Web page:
Published Oct 21, 2002
I am fairly new to this BB so I don't know if you've all covered this one before but here goes.
I get SO frustrated:( with the physicians and how they determine a patient's code status. I have never heard a physician go into any detail with patients regarding CPR and all that go with it.
Usually the doc's ask the patient what they want us to do if their heart should stop or they should stop breathing. The patient usually says, "Everything but I don't want to be on any breathing machines" or "You can give me medications but no CPR". The doc's then leave it at that and write the order as such.
Don't you think the doc's should explain CPR or a code situation more clearly to the patient? Explain to them that if you code you will be on a breathing machine or if you code and your heart stops, medication won't do any good if your heart isn't beating to circulate the medication.
Maybe I am wrong, but patients have no idea what a code is like and families are worse. Don't get me wrong, I don't necessarily advocate everyone being a no code or anything like that. I just think that patients could make a more informed decision if they have the whole picture and understand the situation clearer.
Thanks for letting me vent and I'd be interested in your opinions.
In my experience, ten + years of nursing.......there are a "few" doctors that are GREAT about talking with patient and families about advance directives, etc. But there is also doctors that when talking to patient and families, only present the upside of a situation..........
It seems to fall more than less, to the nurses that are comfortable with this area of discussion to initiate, discuss, provide emotional support and laison(chk splg) social services and doctors to facilite DNR orders and further advance directives. I have found myself in this place more times than can remember. I believe in knowledge, and the right of informed ability to choose what will and won't be done. I find it much easier in my nursing to follow care in a full code situation.......if I know that all options have been presented and an informed choice has been made(even if in medical outlook, things look unfavorable).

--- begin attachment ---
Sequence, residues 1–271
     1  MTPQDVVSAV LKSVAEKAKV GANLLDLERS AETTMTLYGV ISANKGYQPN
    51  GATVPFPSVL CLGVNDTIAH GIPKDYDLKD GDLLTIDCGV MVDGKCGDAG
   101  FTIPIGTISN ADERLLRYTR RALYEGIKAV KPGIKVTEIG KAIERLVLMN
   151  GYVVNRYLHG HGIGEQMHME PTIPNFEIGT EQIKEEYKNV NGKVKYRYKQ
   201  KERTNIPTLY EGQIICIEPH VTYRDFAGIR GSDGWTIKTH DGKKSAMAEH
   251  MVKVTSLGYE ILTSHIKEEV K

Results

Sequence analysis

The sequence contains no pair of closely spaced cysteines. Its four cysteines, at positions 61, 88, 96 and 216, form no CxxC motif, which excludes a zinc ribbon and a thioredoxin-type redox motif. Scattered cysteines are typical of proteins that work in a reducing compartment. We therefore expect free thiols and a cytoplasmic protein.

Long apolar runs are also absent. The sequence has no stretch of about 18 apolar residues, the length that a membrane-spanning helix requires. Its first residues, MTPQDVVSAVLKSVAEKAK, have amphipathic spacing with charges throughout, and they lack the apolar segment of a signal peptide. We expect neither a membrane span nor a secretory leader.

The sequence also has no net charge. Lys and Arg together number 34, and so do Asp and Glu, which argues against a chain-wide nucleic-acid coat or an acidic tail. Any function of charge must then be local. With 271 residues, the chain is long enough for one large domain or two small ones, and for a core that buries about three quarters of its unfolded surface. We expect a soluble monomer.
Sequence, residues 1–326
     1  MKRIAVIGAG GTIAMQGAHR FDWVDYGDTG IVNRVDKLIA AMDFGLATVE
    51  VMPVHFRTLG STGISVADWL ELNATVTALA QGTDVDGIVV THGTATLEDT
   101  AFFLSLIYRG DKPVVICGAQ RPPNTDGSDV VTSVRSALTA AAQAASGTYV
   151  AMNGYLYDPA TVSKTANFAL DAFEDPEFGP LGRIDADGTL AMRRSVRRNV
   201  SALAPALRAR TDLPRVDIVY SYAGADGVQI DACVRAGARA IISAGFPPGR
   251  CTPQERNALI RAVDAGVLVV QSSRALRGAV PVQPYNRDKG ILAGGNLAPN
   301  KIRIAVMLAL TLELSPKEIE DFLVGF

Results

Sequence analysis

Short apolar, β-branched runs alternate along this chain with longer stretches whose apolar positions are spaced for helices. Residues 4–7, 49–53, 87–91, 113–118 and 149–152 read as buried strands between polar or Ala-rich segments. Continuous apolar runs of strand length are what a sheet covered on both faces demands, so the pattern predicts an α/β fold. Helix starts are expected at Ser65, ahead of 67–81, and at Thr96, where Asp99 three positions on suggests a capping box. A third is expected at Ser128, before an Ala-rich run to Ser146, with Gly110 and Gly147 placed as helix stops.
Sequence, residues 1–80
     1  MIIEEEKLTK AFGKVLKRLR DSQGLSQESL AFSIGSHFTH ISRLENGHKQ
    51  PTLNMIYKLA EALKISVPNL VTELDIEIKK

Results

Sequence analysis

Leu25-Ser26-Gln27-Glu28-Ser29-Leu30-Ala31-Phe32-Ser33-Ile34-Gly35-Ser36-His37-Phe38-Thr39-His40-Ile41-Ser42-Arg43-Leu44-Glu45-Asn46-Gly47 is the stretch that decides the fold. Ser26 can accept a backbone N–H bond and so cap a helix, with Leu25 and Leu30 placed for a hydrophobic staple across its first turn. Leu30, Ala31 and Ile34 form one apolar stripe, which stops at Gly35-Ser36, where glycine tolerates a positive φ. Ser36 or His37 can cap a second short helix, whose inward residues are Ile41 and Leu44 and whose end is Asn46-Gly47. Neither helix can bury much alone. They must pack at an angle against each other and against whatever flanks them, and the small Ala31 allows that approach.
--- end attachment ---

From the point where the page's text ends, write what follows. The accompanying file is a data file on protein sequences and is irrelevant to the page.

just rambling, so will quit..........
nursing, it falls to us again most of the time.
I encourage my patients and their families to work toward being of the same mind themselves and then being an active participant in their care(all aspects) Often patients are treated as if doormats, when in reality.....that is why we are all there.
OOOOOPSsssss, didn't quit.......
I am glad you brought up this subject, Jacki. It is something that we "all" deal with.
I have to agree with micro on this topic.....some docs are terrific about approaching the patient and family about code status, and others are either really bad at it or seem to have a lot of their own issues about death, and are therefore biased.
As nurses, and as the ones who generally build the rapport and relationship with patients and families while they are hospitalized, it often falls to us or the social worker or pastoral care to educate and follow through with the patient/family about advance directives and code status. I have had the discussion with patients and families many times, and I don't give them all the nitty gritty of what is involved in a code situation right off the bat. I try to assess where they are in their understanding of the person's illness and prognosis first. If they are way off base, then I need to begin there and start educating them about disease, prognosis, etc. That often sets the stage to eventually have the discussion about what they want if their heart stops, they stop breathing, etc.....I have found that there is a lot of ambiguity and concern on the part of pts/families that making someone DNR equates to withholding treatment, so I always make it a point to address that issue and reinforce that if their deccision is DNR, we will continue treatment. When they come to a definite decision at that time, I communicate it to the physician and I document the patient's/family's wishes.
Hope that helps!
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